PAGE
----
From June 2015 to May 2017, as many as 470 unreliable accounts and pages paid for advertising messages about 100,000 dollars, Facebook Chief Security Officer Alex Stamos said.
According to him, those accounts bought about 3,000 advertising messages on social and political issues, from LGBT people to migrants and gun rights. Facebook believes that those accounts are related to Russia and attempted to show influence on the American political system.
In many of those cases, advertising messages were not related to US presidential candidates, but they were called to split the Americans, reports CNN.
As representatives of the social network said, the names of Hillary Clinton and Donald Trump were mentioned in some of those messages. The messages that were not related to the subject of elections touched upon controversial issues, such as the rights of LGBT people, the right to own weapons and other moot questions.
They may have not either helped or harmed any of the candidates, but they involved them in heated discussions during the election campaign.
Pravda.Ru asked an expert opinion on the subject from ombudsman Dmitry Marinichev.
"If they say that Russian "trolls" or Russian companies affected the outcome of the vote, then they make an absolutely unproven statement. Those are just words and nothing else. It is impossible to change a person's opinion with the help of Internet "trolls." I do not believe that people can change their minds and vote for Donald Trump just because some "trolls" were saying something in the comments. Electors are free to receive information and they have a variety of opportunities for it to come to their own conclusions and make their own decisions. Claiming that Internet "trolls" exerted influence on the outcome of the US presidential election is absurd."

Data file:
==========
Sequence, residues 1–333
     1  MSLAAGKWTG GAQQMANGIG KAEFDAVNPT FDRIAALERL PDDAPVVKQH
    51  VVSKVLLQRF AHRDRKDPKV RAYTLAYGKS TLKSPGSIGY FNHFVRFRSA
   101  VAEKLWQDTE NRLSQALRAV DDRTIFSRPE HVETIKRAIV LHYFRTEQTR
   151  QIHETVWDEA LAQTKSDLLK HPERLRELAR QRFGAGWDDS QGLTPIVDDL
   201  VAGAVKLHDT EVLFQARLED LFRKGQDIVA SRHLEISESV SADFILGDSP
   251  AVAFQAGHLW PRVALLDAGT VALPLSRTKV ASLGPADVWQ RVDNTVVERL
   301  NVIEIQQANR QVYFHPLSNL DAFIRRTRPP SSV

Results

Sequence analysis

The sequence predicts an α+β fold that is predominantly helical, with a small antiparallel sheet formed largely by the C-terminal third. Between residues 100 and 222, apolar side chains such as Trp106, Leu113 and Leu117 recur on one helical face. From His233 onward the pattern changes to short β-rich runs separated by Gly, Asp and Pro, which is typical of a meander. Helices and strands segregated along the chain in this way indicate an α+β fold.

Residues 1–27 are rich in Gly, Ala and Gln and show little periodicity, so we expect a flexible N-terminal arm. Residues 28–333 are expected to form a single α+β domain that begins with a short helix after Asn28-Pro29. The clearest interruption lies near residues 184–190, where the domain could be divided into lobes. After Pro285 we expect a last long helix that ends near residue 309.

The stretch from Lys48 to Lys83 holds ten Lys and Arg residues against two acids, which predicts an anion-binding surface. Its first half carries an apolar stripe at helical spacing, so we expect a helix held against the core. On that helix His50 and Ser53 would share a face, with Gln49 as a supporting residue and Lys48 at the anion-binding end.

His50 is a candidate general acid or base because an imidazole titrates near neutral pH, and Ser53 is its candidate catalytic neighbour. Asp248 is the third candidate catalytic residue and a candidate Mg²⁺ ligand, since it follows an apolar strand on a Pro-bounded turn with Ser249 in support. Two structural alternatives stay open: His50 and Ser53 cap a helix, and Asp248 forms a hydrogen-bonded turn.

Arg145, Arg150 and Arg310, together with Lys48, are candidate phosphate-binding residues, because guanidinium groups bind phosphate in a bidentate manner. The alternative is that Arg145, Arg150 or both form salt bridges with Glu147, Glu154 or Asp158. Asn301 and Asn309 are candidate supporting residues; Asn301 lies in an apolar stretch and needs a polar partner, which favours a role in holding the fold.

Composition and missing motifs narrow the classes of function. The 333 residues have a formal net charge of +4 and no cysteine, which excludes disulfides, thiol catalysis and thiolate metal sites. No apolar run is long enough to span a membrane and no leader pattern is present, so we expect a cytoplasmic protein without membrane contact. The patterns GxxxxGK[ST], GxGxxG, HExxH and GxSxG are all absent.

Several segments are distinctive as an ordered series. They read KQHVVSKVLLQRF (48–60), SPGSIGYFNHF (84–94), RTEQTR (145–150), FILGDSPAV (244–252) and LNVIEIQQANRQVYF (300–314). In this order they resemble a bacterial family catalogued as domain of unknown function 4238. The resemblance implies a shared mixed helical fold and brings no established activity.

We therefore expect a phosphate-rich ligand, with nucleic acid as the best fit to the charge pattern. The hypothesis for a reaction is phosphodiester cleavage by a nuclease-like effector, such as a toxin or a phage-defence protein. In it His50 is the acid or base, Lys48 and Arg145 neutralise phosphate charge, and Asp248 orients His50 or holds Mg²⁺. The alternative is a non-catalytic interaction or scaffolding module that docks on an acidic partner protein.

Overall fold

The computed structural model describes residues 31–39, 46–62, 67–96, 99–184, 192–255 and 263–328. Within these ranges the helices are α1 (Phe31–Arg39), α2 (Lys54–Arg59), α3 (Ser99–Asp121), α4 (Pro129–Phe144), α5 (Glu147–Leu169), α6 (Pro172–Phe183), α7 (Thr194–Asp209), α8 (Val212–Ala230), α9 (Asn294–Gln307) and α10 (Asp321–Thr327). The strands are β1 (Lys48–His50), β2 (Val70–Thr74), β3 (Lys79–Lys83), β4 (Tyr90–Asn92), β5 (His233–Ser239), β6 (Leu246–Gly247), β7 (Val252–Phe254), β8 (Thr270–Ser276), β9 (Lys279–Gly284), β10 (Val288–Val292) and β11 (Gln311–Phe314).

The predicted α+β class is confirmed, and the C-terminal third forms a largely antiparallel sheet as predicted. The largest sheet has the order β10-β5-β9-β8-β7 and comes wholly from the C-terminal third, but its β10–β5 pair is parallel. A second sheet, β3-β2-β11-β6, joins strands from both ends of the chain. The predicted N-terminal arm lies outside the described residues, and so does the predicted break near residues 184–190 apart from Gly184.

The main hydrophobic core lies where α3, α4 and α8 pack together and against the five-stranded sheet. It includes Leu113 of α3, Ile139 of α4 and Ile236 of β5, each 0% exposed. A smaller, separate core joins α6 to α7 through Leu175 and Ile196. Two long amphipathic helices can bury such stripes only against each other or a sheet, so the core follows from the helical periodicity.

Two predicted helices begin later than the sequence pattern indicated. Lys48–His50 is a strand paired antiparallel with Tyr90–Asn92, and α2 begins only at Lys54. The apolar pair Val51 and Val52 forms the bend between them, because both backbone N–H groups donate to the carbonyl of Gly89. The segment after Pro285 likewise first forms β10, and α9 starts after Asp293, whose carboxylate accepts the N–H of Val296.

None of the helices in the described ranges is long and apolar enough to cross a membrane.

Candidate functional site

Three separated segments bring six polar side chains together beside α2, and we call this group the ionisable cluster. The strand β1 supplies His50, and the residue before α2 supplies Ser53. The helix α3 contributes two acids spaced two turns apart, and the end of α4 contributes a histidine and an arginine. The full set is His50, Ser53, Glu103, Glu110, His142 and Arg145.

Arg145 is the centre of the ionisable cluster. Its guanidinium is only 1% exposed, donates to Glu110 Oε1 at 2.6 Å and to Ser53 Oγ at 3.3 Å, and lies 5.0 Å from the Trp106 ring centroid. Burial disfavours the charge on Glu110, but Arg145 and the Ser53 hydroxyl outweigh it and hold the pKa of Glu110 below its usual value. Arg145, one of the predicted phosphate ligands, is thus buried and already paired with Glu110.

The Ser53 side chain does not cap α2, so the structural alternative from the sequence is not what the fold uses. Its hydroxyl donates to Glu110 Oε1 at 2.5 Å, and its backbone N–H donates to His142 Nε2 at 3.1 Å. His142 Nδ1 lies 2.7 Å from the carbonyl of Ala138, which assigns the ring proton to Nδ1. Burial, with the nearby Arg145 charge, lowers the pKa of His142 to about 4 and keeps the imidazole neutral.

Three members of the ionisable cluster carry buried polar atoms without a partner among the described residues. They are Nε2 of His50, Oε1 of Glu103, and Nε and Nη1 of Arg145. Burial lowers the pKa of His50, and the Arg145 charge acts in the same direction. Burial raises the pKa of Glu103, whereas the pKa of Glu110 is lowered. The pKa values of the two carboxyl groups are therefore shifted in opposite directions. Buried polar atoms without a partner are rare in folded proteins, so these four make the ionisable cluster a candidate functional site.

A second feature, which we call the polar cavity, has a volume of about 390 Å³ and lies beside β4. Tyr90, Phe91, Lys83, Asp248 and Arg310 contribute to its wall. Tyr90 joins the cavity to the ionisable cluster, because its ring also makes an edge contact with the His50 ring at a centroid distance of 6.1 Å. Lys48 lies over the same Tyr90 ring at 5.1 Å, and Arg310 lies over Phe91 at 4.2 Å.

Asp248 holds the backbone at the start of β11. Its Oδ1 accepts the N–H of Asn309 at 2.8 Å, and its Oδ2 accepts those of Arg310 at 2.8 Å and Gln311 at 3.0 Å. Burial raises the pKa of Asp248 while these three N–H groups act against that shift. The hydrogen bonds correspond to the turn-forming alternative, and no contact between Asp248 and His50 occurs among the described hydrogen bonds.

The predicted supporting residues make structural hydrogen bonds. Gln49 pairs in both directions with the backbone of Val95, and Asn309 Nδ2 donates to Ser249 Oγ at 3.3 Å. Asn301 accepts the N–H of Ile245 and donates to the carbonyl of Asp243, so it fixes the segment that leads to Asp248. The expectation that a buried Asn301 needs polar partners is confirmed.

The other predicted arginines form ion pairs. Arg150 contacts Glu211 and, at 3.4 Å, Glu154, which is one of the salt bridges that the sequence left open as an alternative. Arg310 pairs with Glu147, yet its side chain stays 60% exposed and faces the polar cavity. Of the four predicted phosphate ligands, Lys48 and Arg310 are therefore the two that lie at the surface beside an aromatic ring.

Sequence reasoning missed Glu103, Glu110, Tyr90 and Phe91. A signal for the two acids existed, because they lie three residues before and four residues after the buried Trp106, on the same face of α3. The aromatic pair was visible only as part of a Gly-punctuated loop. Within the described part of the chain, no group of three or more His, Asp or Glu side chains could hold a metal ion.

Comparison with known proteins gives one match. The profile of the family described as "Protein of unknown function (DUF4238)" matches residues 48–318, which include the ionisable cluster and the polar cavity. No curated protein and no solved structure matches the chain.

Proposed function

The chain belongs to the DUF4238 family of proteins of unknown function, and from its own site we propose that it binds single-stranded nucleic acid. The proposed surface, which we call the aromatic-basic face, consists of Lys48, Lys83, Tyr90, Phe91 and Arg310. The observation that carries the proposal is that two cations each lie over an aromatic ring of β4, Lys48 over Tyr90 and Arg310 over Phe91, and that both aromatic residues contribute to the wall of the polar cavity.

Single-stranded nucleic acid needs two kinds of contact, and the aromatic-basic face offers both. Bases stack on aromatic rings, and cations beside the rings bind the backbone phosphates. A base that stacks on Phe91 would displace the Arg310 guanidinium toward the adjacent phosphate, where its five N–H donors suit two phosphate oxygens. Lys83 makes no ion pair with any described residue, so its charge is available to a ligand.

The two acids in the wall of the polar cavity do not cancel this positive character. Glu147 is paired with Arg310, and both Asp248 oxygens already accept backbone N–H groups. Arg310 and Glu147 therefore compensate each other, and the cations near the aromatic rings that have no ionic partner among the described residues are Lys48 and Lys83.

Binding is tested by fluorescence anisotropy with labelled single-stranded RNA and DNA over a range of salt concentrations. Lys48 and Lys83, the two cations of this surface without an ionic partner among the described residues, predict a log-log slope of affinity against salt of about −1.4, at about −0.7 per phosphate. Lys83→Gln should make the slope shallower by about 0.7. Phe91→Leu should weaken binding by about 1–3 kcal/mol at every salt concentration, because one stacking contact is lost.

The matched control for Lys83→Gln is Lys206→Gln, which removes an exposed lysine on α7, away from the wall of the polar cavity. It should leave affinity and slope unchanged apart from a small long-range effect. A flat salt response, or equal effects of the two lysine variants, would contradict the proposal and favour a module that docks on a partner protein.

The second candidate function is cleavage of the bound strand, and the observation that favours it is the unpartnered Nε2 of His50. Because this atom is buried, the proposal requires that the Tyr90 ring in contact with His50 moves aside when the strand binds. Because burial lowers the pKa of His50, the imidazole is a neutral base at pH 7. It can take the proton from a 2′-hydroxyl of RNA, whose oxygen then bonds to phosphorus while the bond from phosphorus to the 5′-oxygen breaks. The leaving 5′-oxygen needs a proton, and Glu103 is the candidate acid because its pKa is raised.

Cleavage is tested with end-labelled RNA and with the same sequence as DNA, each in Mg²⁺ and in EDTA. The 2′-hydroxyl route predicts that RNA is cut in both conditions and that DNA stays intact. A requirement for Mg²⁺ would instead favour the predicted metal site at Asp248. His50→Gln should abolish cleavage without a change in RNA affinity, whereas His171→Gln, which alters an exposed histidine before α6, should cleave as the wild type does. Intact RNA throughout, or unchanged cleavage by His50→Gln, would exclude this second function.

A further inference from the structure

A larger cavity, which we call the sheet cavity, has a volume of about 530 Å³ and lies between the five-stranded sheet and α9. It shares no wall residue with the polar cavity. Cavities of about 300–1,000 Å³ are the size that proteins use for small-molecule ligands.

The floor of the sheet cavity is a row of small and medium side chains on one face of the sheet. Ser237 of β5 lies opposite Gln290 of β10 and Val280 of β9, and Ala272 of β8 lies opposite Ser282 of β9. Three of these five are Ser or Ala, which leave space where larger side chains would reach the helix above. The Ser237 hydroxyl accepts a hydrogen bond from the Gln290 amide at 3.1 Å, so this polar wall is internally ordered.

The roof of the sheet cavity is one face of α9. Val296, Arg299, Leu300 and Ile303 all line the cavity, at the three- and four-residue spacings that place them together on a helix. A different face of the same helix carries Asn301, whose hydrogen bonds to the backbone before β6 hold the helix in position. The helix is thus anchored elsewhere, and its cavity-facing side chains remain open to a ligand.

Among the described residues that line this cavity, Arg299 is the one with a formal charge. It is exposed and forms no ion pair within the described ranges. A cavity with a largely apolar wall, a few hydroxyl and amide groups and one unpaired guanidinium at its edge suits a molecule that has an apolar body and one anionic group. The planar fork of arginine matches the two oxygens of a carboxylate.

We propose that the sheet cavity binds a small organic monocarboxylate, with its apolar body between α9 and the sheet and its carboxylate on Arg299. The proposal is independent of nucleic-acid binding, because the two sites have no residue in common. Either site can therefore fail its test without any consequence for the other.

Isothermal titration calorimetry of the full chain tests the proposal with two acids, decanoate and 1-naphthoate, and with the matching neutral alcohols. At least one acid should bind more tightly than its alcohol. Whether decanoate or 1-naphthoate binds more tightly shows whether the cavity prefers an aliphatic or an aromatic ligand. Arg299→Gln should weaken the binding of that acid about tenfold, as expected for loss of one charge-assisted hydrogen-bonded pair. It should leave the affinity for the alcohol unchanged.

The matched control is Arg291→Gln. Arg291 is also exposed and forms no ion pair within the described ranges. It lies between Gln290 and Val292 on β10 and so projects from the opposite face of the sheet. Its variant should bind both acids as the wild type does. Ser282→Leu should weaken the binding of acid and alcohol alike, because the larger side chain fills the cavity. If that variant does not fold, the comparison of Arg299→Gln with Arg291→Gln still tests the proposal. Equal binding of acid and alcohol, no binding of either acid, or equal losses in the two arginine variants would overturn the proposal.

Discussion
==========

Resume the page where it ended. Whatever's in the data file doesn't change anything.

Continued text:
Read article on the Russian version of Pravda.Ru
"We should use shock therapy to sober up the Americans. In this case, the Americans will speak about the need to resume dialogue. There is no other option"
The United States is concerned about the current crisis in the relations with Russia and suggests returning to reasonable policies to avoid a nuclear war